A new city-run homeless camp in Santa Cruz is reaching homeless people who don’t normally turn up at shelters.
People like Mark Hemersbach. He climbs out of his tent holding a cup of coffee. His tent is one of 49 in a fenced dirt lot at 1220 River St. Called River Street Camp, the temporary outdoor homeless camp opened last month.
“I’ve never been in a shelter situation like this before,” says Hemersbach.
He says he’s avoided shelters in the past because of the rules. Many programs only operate overnight.
“They kick you out at five in the morning. Well guess what, I just spent the whole night being really warm. Now, you get to kick me back out into the ice cold and that’s going to be colder and more painful,” he says.
At River Street Camp, people don’t have to pack up and go; they can stay as long as they want. Tent searches are not conducted, pets are allowed and couples can stay together.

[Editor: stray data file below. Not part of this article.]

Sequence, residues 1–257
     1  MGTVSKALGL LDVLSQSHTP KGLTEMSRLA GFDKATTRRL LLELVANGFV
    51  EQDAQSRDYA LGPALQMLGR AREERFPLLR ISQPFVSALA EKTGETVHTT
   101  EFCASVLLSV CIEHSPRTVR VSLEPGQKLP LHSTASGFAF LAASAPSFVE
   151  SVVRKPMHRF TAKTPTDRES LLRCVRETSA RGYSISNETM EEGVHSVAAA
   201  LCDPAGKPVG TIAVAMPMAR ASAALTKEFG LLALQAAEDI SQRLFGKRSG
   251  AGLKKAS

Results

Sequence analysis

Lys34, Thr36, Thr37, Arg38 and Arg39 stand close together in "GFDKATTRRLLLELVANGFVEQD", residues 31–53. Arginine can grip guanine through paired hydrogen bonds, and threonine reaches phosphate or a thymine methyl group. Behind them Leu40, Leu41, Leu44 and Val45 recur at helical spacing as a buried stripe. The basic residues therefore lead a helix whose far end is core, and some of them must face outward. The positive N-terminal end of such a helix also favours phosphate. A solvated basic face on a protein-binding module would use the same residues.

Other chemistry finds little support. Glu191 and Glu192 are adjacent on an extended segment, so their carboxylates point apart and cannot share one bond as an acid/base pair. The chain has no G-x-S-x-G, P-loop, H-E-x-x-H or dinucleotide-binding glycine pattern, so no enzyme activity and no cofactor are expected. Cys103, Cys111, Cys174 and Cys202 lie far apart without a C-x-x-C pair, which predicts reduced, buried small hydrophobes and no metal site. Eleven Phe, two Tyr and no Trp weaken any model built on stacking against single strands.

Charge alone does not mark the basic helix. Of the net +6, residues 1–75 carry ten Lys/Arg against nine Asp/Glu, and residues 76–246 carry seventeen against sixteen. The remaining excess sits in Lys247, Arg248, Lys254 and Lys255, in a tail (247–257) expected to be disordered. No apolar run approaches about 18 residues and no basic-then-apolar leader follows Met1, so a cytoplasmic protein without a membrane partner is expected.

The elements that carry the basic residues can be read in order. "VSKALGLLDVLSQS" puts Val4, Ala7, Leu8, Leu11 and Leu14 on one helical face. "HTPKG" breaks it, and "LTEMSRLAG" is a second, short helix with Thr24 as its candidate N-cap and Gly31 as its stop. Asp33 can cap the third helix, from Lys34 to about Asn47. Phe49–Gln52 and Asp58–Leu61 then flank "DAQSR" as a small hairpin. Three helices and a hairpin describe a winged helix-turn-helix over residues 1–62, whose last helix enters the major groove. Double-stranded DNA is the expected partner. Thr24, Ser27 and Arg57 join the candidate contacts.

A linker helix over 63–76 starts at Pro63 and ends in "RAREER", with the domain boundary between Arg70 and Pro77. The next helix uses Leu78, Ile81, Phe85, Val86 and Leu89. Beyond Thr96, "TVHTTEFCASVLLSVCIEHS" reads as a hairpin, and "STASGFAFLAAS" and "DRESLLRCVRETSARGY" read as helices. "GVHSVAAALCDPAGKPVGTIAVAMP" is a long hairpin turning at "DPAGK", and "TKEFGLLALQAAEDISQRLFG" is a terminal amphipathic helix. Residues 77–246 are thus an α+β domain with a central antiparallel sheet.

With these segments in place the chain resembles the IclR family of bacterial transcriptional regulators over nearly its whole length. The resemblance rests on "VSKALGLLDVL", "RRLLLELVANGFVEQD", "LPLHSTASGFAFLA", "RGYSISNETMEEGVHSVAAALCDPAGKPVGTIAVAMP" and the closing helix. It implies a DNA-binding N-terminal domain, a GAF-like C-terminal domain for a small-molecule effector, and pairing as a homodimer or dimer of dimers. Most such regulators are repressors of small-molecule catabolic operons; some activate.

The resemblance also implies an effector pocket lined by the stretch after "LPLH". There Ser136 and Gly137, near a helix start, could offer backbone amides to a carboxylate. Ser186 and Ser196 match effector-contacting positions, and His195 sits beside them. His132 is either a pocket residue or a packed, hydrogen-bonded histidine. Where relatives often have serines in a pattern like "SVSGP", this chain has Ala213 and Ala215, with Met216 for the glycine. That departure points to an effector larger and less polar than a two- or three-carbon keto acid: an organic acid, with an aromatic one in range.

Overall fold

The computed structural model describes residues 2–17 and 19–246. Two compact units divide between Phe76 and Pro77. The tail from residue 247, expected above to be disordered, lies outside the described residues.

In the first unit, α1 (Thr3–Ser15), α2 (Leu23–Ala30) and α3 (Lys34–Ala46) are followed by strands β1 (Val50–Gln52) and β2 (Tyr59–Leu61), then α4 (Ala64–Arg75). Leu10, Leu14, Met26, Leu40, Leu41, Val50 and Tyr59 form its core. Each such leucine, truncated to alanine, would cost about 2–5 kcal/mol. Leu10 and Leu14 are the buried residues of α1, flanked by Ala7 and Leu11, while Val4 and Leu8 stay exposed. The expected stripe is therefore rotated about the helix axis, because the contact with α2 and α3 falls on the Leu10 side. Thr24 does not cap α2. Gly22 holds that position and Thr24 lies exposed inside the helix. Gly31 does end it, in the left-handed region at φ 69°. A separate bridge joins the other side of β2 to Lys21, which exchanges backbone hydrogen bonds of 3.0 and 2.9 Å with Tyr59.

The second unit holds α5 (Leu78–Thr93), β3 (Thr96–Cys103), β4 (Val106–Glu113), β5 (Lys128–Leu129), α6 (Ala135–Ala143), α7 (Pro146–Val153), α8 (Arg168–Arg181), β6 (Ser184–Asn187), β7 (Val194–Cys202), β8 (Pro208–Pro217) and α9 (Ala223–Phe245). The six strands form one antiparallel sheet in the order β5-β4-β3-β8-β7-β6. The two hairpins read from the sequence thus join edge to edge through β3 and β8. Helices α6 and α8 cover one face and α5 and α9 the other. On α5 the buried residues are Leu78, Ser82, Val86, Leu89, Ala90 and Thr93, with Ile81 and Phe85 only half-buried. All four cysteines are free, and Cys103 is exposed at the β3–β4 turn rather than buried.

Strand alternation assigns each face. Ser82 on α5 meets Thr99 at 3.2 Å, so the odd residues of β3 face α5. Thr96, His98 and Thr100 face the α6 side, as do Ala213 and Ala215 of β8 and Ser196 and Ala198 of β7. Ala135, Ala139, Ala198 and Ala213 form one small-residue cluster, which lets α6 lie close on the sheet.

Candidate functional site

Program Manager Chris Monteith says the City of Santa Cruz created this kind of flexibility to reach as many people as possible. The camp opened shortly after the city cleared homeless campers out of San Lorenzo Park. The goal of River Street Camp was to provide shelter, safety and hygiene. Monteith says that's happening. But he says the biggest reward is helping some out of homelessness.
“We bring services in here so that you don't have to go around the county seeking them. I think that people are now feeling a sense of safety so that they're a little more grounded and able to follow through on some of the services. And the service providers have a place to come and they can follow up also,” says Monteith.
Monteith says so far two people have gone into rehab and one man went into a veterans’ transitional program.
“We have some people here with Section 8 vouchers who are actively seeking housing, a difficult proposition in Santa Cruz, but you know, they’ve done all the groundwork and now it’s finding a place,” Monteith says.
River Street Camp costs about $90,000 a month and is funded by the city and county. The camp is set to close at the end of June, when its funding runs out. The City of Santa Cruz is working to establish a permanent, year-round shelter in about three years. City leaders are currently looking for places to host another temporary shelter until then.